Sir Peter MacCallum Department of Oncology, Melbourne University, Melbourne, Australia; Radiation Oncology and Cancer Imaging, Peter MacCallum Cancer Centre, Melbourne, Australia.

This is a planning study investigating the dosimetric advantages of gated volumetric-modulated arc therapy (VMAT) to the end-exhale and end-inhale breathing phases for patients undergoing stereotactic treatment of primary renal cell carcinoma. VMAT plans were developed from the end-inhale (VMATinh) and the end-exhale (VMATexh) phases of the breathing cycle as well as a VMAT plan and 3-dimensional conformal radiation therapy plan based on an internal target volume (ITV) (VMATitv). An additional VMAT plan was created by giving the respective gated VMAT plan a 50% weighting and summing the inhale and exhale plans together to create a summed gated plan. Dose to organs at risk (OARs) as well as comparison of intermediate and low-dose conformity was evaluated. There was no difference in the volume of healthy tissue receiving the prescribed dose for the planned target volume (PTV) (CI100%) for all the VMAT plans; however, the mean volume of healthy tissue receiving 50% of the prescribed dose for the PTV (CI50%) values were 4.7 (± 0.2), 4.6 (± 0.2), and 4.7 (± 0.6) for the VMATitv, VMATinh, and VMATexh plans, respectively. The VMAT plans based on the exhale and inhale breathing phases showed a 4.8% and 2.4% reduction in dose to 30cm(3) of the small bowel, respectively, compared with that of the ITV-based VMAT plan. The summed gated VMAT plans showed a 6.2% reduction in dose to 30cm(3) of the small bowel compared with that of the VMAT plans based on the ITV. Additionally, when compared with the inhale and the exhale VMAT plans, a 4% and 1.5%, respectively, reduction was observed. Gating VMAT was able to reduce the amount of prescribed, intermediate, and integral dose to healthy tissue when compared with VMAT plans based on an ITV. When summing the inhale and exhale plans together, dose to healthy tissue and OARs was optimized. However, gating VMAT plans would take longer to treat and is a factor that needs to be considered.
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October 2015

Evaluation of dosimetric misrepresentations from 3D conventional planning of liver SBRT using 4D deformable dose integration.

J Appl Clin Med Phys 2014 Nov 8;15(6):4978. Epub 2014 Nov 8.

Radiation Oncology Victoria and RMIT University.

The purpose of this study is to evaluate dosimetric errors in 3D conventional plan- ning of stereotactic body radiotherapy (SBRT) by using a 4D deformable image registration (DIR)-based dose-warping and integration technique. Respiratory- correlated 4D CT image sets with 10 phases were acquired for four consecutive patients with five liver tumors. Average intensity projection (AIP) images were used to generate 3D conventional plans of SBRT. Quasi-4D path-integrated dose accumulation was performed over all 10 phases using dose-warping techniques based on DIR. This result was compared to the conventional plan in order to evalu- ate the appropriateness of 3D (static) dose calculations. In addition, we consider whether organ dose metrics derived from contours defined on the average intensity projection (AIP), or on a reference phase, provide the better approximation of the 4D values. The impact of using fewer (< 10) phases was also explored. The AIP- based 3D planning approach overestimated doses to targets by 1.4% to 8.7% (mean 4.2%) and underestimated dose to normal liver by up to 8% (mean -5.5%; range -2.3% to -8.0%), compared to the 4D methodology. The homogeneity of the dose distribution was overestimated when using conventional 3D calculations by up to 24%. OAR doses estimated by 3D planning were, on average, within 10% of the 4D calculations; however, differences of up to 100% were observed. Four-dimensional dose calculation using 3 phases gave a reasonable approximation of that calculated from the full 10 phases for all patients, which is potentially useful from a workload perspective. 4D evaluation showed that conventional 3D planning on an AIP can significantly overestimate target dose (ITV and GTV+5mm), underestimate normal liver dose, and overestimate dose homogeneity. Implementing nonadaptive quasi- 4D dose calculation can highlight the potential limitation of 3D conventional SBRT planning and the resultant misrepresentations of dose in some regions affected by motion and deformation. Where the 4D approach is unavailable, contouring on the full expiration phase may yield more accurate dose calculations, most relevant in the case of the healthy liver, but the absolute dose differences are in general small for the other healthy organs. The technique has the potential to quantify under- and over-dosage and improve treatment plan evaluation, retrospective plan analysis, and clinical outcome correlation.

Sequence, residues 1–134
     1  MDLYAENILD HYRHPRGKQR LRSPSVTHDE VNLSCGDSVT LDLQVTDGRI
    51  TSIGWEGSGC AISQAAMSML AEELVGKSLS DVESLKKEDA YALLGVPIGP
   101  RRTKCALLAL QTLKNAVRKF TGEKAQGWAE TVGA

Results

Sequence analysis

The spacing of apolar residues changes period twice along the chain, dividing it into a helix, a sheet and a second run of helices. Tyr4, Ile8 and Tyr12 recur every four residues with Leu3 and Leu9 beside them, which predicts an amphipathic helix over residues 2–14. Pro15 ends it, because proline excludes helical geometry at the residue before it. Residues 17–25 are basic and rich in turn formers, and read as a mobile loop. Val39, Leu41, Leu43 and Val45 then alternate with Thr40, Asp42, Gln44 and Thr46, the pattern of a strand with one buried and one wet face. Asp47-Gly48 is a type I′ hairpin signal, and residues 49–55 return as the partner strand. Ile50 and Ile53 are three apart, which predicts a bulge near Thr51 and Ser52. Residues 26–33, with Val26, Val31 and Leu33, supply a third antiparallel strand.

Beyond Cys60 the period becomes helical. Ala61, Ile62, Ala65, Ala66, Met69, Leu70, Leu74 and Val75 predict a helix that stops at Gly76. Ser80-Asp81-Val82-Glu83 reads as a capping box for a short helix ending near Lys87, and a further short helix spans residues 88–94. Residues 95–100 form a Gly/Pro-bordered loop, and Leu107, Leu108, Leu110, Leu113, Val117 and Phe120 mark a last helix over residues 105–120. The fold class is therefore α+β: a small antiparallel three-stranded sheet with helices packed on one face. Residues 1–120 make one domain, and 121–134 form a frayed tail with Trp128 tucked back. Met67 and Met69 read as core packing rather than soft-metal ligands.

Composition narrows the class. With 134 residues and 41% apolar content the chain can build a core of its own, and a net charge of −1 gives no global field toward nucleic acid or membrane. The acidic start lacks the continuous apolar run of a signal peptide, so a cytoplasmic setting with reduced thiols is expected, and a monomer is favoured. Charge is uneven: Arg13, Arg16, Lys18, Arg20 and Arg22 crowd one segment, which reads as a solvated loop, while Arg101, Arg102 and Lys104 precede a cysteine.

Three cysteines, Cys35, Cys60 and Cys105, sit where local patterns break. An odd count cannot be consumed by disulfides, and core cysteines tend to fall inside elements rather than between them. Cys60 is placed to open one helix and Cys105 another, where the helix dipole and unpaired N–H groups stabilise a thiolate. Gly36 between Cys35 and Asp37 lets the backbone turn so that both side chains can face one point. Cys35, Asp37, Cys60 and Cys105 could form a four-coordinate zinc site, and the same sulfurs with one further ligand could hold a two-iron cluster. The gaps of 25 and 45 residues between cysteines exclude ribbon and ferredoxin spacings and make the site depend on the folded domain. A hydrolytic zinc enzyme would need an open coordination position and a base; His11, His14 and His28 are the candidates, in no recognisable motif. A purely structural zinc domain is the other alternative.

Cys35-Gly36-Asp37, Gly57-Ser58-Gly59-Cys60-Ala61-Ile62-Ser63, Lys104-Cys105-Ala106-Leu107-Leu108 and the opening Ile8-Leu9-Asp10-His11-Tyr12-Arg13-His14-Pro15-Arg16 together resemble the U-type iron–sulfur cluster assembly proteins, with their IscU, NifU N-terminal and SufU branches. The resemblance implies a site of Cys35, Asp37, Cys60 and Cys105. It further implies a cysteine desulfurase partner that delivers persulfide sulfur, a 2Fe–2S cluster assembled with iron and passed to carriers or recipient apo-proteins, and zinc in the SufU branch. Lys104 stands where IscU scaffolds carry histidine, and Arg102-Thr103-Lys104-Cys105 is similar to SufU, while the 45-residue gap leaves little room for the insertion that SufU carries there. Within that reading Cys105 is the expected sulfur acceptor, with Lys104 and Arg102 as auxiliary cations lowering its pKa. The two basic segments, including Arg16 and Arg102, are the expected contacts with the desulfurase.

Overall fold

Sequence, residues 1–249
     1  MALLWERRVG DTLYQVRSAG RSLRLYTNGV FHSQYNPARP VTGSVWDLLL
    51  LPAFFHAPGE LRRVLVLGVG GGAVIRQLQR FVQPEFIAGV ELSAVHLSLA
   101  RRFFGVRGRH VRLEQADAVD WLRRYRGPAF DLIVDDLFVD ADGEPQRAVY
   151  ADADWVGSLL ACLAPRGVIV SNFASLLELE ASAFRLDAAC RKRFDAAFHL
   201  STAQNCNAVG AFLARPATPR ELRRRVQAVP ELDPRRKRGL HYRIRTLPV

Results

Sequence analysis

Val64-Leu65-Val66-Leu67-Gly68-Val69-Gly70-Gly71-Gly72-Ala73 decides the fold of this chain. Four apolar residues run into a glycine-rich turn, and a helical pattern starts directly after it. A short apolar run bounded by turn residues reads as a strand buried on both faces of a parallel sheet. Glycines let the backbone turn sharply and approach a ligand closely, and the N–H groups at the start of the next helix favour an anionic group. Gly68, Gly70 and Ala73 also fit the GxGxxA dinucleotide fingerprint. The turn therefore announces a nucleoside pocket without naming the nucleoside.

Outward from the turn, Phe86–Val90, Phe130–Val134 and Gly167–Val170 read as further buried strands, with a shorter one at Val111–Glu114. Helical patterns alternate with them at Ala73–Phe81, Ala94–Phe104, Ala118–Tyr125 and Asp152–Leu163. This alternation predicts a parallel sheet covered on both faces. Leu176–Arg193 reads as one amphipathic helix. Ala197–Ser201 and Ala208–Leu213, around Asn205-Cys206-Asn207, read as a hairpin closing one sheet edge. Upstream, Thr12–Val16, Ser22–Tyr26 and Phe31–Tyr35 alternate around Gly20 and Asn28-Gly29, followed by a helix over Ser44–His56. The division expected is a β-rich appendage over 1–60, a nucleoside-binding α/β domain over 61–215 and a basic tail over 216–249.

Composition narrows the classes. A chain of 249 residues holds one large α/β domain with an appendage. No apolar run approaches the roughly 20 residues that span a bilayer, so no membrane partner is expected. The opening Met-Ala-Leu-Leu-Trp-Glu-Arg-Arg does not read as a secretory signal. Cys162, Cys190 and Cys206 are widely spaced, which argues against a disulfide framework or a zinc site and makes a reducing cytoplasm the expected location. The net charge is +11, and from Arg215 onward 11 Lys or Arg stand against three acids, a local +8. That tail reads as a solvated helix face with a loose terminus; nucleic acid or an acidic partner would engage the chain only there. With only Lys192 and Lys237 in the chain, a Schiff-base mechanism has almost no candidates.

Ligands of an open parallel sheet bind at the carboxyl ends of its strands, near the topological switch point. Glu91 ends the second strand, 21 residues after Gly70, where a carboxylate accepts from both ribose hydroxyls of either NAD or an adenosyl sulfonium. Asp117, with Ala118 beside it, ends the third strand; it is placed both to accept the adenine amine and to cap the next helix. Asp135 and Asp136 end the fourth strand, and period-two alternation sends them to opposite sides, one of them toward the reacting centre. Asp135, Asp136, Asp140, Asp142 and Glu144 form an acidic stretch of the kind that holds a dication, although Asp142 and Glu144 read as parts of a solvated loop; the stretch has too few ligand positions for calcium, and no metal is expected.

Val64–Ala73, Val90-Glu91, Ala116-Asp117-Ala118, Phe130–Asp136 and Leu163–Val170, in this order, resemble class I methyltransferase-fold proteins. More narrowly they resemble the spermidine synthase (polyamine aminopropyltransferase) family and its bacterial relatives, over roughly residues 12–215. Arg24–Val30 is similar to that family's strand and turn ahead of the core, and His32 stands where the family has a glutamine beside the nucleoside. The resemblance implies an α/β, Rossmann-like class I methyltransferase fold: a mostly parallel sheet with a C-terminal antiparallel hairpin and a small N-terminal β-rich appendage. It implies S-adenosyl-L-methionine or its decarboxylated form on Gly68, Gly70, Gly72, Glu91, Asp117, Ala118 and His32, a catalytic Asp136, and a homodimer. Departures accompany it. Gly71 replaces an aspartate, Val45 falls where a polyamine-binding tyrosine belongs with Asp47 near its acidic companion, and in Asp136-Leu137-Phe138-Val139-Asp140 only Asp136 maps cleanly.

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November 2014